Driving around Stanford and the neighboring upscale suburbs brings to mind the 1978 film, “Invasion of the Body Snatchers,” in which alien pods replaced earthlings as they slept. As we sleep, Hybrid Priuses are gradually replacing every other make and model of car, including Volvos, the long, venerated, automotive symbol of socialist Sweden. A Prius, which gets over 45 miles per gallon, is the ultimate green symbol.
What’s the cost of going green?
A comparison between two different Toyota models, the Prius and the non-hybrid but otherwise somewhat comparable Corolla, reveals the cost. The basic 2009 Corolla can be purchased for $16,150 plus sales tax; in California, that brings the price to about $17,525. The stripped-down Prius sells for about $22,000; with tax, $23,870. The difference in the initial purchase price is $6,345.
The web site, automotive.com, presents data on the cost of ownership over a five-year period. For the 2008 models, the estimated costs of ownership, which include depreciation, financing, insurance, repair, state fees, maintenance, and fuel, amount to $23,372 for the Corolla, and $24,083 for the Prius. The comparison presumes mileage of 15,000 per year. Prius does better on fuel: $368 in savings with gasoline at $2 a gallon; $552 at $3/gallon; and $736 at $4/gallon. The savings rise as miles driven and the price of gasoline increases. But the Corolla is less costly for all other elements of ownership.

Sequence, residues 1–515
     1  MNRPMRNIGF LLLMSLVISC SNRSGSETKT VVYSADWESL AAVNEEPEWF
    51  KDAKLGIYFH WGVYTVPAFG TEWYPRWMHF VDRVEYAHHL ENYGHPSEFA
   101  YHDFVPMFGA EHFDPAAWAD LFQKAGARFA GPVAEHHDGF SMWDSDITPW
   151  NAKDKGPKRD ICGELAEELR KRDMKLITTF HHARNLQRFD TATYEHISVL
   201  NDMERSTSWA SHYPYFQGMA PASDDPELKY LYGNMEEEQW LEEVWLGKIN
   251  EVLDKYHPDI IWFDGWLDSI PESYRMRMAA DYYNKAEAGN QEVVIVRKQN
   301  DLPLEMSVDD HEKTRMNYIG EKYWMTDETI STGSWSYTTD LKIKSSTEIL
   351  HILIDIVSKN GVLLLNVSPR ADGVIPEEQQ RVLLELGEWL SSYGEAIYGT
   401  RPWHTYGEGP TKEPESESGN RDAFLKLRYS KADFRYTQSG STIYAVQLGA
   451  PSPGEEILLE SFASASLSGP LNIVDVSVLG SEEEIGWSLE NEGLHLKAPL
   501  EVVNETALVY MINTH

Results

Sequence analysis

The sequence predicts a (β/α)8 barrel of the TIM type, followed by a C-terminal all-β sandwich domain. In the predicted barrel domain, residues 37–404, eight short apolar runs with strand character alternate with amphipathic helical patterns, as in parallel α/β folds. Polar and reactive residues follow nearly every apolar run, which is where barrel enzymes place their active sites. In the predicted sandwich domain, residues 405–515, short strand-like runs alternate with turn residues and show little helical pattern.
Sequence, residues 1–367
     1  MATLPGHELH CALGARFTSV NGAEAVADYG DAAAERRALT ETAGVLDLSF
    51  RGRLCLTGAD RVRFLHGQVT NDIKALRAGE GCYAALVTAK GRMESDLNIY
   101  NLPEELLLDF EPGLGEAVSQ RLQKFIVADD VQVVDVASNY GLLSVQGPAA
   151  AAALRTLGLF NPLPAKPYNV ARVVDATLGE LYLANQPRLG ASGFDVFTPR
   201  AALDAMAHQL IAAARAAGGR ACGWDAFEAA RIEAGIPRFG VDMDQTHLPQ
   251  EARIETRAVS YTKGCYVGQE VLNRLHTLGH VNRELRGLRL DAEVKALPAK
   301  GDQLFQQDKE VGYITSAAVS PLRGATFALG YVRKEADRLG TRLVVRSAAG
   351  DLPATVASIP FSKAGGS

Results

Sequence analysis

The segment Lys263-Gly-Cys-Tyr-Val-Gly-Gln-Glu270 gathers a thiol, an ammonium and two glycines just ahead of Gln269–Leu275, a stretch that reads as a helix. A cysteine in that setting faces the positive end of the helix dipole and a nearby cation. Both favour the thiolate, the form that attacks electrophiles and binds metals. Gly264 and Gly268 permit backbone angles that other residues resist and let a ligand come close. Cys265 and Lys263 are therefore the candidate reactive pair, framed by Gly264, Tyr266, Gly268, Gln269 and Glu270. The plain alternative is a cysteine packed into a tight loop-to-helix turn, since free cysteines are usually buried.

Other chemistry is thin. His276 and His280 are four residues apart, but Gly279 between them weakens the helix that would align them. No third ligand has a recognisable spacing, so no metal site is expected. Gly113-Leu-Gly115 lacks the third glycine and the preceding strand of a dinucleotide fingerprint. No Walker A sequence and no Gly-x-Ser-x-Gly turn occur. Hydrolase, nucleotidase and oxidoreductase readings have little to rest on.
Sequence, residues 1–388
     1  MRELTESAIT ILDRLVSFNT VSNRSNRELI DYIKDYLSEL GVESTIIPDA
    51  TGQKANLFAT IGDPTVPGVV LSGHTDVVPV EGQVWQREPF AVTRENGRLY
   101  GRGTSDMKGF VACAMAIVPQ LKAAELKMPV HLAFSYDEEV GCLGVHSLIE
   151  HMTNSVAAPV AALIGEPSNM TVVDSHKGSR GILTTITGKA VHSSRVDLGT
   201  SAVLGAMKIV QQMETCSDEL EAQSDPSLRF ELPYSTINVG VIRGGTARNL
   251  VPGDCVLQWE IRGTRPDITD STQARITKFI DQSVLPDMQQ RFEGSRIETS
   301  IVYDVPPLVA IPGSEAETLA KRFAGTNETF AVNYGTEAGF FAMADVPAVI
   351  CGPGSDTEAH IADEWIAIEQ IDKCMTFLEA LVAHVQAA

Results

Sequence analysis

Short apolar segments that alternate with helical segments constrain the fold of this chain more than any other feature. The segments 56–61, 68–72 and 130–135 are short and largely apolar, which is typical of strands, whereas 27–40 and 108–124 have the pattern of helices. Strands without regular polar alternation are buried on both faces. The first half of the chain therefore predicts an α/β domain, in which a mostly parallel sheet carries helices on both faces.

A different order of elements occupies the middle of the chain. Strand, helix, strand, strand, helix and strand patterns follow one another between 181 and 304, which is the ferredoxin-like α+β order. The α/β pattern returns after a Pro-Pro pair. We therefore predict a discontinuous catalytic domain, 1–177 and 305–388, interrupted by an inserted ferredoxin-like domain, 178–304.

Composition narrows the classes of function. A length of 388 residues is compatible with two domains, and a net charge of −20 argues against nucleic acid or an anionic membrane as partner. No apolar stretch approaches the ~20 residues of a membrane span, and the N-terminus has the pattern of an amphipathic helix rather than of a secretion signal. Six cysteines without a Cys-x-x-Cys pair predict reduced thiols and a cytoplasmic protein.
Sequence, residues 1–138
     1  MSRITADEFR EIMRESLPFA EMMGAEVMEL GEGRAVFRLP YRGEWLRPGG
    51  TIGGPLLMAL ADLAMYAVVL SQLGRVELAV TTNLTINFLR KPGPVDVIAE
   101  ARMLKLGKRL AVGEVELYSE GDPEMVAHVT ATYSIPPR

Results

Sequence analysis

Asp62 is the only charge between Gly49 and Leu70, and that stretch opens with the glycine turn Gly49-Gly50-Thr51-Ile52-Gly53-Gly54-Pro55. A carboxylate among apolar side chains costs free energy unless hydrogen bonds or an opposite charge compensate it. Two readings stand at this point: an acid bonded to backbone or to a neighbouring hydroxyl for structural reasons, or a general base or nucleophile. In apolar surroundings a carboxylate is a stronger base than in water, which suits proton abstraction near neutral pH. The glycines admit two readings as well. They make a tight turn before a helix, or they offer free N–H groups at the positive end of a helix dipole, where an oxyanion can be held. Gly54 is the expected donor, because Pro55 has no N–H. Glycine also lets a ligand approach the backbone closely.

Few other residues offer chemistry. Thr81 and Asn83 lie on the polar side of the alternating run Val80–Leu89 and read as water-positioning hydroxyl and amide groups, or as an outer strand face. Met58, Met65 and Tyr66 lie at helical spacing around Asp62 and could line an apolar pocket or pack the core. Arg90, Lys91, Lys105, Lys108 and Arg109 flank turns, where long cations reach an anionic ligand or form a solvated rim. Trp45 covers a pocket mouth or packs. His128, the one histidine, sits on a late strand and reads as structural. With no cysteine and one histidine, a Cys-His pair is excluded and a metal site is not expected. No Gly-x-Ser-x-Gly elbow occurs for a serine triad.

The data on used car prices fluctuate wildly, depending on mileage and condition. An internet search of 2001 Priuses reveals prices ranging between $8,000-12,000, with comparable Corollas ranging between $6,000-9,000. Using a rough average, Prius owners recover about $2,500 more than Corolla owners in resale value.
All in all, the cost of going green is on the order of $1,000 a year. But these numbers apply during normal times.
In December 2008, with a glut of cars in dealers’ lots, a 2009 Corolla is available for about $14,000, while a similarly discounted Prius, available only for the top-of-the-line model, goes for about $24,500. The puts the annual cost of going green at about $1,200. An extra $100 or so a month is small change to the average affluent resident of the mid-peninsula Bay Area.
Merry Christmas (and/or Happy Chanukah) to all, and if you want to keep your current car, be sure to leave the garage lights on all night!